CPU is the center of everything a programmer does. A modern CPU can calculate 40 additions while light moves one meter (in a ideal situation of course). We basically have monster machines and we have no idea how to use them correctly. A lot of programmers have no idea that most of the time, the CPU is waiting for data from the RAM (Mike Acton CppCon 2014 is a pretty good talk to understand those kinds of problems https://www.youtube.com/watch?v=rX0ItVEVjHc, as well as Timur Doumler CppCon 2016 talk: https://www.youtube.com/watch?v=BP6NxVxDQIs). Fortunately, CPU have L-caches that reduce the latency to get data, but it requires data to be close to each other. This is the hardware reason why std::vector is way faster than std::list to iterate over. CPU typically have a 64 bytes cacheline, meaning that you get 64 bytes of data at once (sort of) through the typical three levels of cache before they arrive in CPU registers. Data locality is also a reason why object-oriented programming is not the way to go with high performance code (the 20% of code that is run 80% of the time). This is where memory layout transformations are used to tranform Arrays of Structures (AoS, the typical way we lay out data in memory in OOP) to Structures of Arrays (SoA, the better way for the CPU to process the data). The final stage is Arrays of Structures of Arrays (AoSoA) that combines strength of the both worlds (a very good article by Sam Reeve about it here: https://github.com/ECP-copa/Cabana/wiki/AoSoA). Jonathan Blow talked about it and the problem he had on the Witness here: https://www.youtube.com/watch?v=ZHqFrNyLlpA.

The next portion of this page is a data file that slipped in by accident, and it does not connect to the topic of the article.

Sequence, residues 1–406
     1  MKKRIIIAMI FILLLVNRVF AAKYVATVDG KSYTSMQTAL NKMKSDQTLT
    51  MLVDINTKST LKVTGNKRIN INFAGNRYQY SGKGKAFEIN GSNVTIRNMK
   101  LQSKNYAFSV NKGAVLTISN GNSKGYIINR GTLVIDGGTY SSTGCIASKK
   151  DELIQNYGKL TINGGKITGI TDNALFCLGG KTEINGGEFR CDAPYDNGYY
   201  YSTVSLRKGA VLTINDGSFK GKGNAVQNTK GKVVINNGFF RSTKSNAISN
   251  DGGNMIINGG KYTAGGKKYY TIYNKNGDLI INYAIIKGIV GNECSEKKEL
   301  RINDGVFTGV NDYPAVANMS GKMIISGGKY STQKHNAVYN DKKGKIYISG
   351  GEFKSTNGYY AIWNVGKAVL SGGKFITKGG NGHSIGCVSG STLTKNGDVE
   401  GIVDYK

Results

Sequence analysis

Data structures always have good sides and bad sides, and it is important to understand them. A good way to truly understand a data structure is to implement it (how is it allocating memory, how is data lay out in memory, how to insert and delete data from the structure, how to get data). There are data structures in C++ standard: